This article is one of my Adventure in Istanbul series, which mostly records my food experience in Istanbul with my boyfriend during a ten-day vacation. Scouting out restaurants was mostly done by my boyfriend Thomas. He also did a great job navigating the often confusing streets and ordering the right foods when there was only Turkish on the menu.
Our Turkish food experience involved mixed feelings of familiarity, nuance, surprise and deliciousness.
Do the pictures look familiar? Pizza? Half right. It’s Turkish “pizza” with pita bread, or pide, as the crust. Turkish pita bread can be round, oval, or boat-shaped, with two pointed ends. It can have various toppings, but most of the time, the toppings are simple, and the meat is cooked in a very Turkish way.
The day before we left Istanbul, we went for Turkish pizza at Nizam Pide (link updated on Mar. 30 2014) at Beyoğlu. I needed to taste pide before going home, because I felt obligated as a food blogger and a pizza lover, and I’m so glad I did.
We ordered two pizzas, one with Döner beef and a sunny egg and one with pastrami, sausage, vegetables, and cheese. The crust, or pita, tasted fluffier than that of American pizza, with a very thin surface. The beef one was simple, yet the flavor was very intense. I liked the mixed topping one better, maybe because the cheese made it more like the pizza I’m used to. It looked like a normal pizza, but tasted quite special, because of the spicier Turkish green peppers, the Turkish beef pastrami sausage, and the sweet pepper in the sauce. Both pizzas were very delicious and I’d like to learn how to make them.
So, what is this disgusting thing below? Sausage? Wrong. It’s called kokoreç, or roasted sheep intestine sandwich. Please do not let this turn you away if you’ve never eaten intestine before. It’s one of most famous street foods in Turkey – maybe more popular than a kebab sandwich for locals – and believe me, it tastes so good and you won’t regret trying it.
To prepare kokoreç, the intestines and offal are thoroughly cleaned up, then seasoned heavily with lemon, olive oil, oregano, and pepper to eliminate the offal flavor, then wrapped onto a long skewer and roasted slowly over charcoal. Before serving, similar to the way a kebab sandwich is made, the meat, or intestine in this case, is taken from the big horizontal spit (opposite orientation of that of a kebab, which is typically vertical), and chopped up. Then, the intestines are cooked on a griddle with chopped tomato and green pepper and served in a baguette bun.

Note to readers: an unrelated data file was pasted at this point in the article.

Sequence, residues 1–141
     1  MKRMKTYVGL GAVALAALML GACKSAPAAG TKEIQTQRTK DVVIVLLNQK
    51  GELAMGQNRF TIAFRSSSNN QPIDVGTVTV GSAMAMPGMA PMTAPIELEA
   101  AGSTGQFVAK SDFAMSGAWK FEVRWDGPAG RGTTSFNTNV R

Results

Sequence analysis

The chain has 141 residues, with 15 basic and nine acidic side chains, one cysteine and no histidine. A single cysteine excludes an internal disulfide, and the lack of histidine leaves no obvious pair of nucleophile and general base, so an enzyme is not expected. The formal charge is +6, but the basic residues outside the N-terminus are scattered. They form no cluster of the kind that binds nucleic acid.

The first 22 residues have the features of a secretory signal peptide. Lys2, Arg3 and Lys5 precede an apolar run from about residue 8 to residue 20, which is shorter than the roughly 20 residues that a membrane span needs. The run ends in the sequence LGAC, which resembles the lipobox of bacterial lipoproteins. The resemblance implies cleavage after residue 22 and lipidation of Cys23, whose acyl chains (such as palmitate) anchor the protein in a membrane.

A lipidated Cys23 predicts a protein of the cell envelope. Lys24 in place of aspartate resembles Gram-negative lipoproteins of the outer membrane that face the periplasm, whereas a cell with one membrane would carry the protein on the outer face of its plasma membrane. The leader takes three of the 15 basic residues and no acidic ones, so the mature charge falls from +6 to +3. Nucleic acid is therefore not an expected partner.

With the first bite of kokoreç, I couldn’t tell what was inside, I only knew it was extremely yummy. The filling was satisfying, flavorful, and very juicy. You might think it’s a high quality sausage sandwich, if nobody told you otherwise. With the second bite I thought, gosh this bread is tasty! It’s a bit like a panini, but softer inside and crispier outside, hot and fresh, with the fragrance of wheat. Then, with the third bite, the fourth bite … two minutes later, what? Already finished! Sad face. Sigh and murmur, I should’ve ordered a bigger sized sandwich! Yes, it was that good.
There is one thing to remember when looking for kokoreç. My friend Bayan, who lives in Istanbul told me that some places might not clean the intestines thoroughly, which means the flavor won’t be very good. She and her husband took us to Beylerbeyi Yakomoz restaurant, located at Üsküdar, on the Asian side of the city. I highly recommend this place because they serve great flavored kokoreç at a fair price.
I will repeat it again. Do not let its appearance drive you away. If you like eating and have an open mind towards food, I highly recommend you give kokoreç a try. You might end up loving it.
What is this in the picture? Pasta? Nope! It’s manti, Turkish dumplings served with yogurt. I consider it somewhere between Chinese dumplings and Italian pasta. Well, Istanbul is located between the two countries, so it makes sense that the food is somewhere in between! The dumplings are quite like Chinese ones, with the wrapper made from just flour and water, and a ground lamb meat and mushroom filling. But it’s served with a very creamy yogurt and some olive oil, which makes the texture of the whole dish similar to that of pasta. The yogurt sauce balances well with the meaty dumplings, and the whole dish is refreshing and quite light, but somehow filling as well. I will definitely try to make this dish at home.
We had this dish at No:19 Yemek Evi, a tiny family restaurant that only has three tables. The menu changes depending on whatever very fresh ingredients they can find on a given day. You can taste the homemade local flavor there, and the price is very fair. We ordered the manti and garlic chicken (pictured below), and they were both great.
For more dining experiences and delicious food pictures, check out my Adventure in Istanbul series at:
Adventure in Istanbul – Colorful Street Food
Adventure in Istanbul – Dinner at Karaköy Lokantası
Adventure in Istanbul – Enjoy Turkish Meze
Adventure in Istanbul – Dinner at Meze by Lemon Tree
Adventure in Istanbul – Enjoy Turkish Coffee
Adventure in Istanbul – Lunch at Gram
Breakfast Experience in Istanbul
For more beautiful travel photos, check out: